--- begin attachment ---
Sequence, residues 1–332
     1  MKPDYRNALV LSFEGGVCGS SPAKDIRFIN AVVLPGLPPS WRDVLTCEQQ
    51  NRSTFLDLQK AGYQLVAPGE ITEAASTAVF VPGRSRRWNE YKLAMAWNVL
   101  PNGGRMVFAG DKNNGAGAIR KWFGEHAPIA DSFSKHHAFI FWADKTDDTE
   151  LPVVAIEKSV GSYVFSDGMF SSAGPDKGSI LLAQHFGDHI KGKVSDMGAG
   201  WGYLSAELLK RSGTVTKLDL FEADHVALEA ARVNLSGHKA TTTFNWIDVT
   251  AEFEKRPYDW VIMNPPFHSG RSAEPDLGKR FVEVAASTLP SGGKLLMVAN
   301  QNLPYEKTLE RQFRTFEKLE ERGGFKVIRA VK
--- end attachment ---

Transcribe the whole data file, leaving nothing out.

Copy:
Sequence, residues 1–332
     1  MKPDYRNALV LSFEGGVCGS SPAKDIRFIN AVVLPGLPPS WRDVLTCEQQ
    51  NRSTFLDLQK AGYQLVAPGE ITEAASTAVF VPGRSRRWNE YKLAMAWNVL
   101  PNGGRMVFAG DKNNGAGAIR KWFGEHAPIA DSFSKHHAFI FWADKTDDTE
   151  LPVVAIEKSV GSYVFSDGMF SSAGPDKGSI LLAQHFGDHI KGKVSDMGAG
   201  WGYLSAELLK RSGTVTKLDL FEADHVALEA ARVNLSGHKA TTTFNWIDVT
   251  AEFEKRPYDW VIMNPPFHSG RSAEPDLGKR FVEVAASTLP SGGKLLMVAN
   301  QNLPYEKTLE RQFRTFEKLE ERGGFKVIRA VK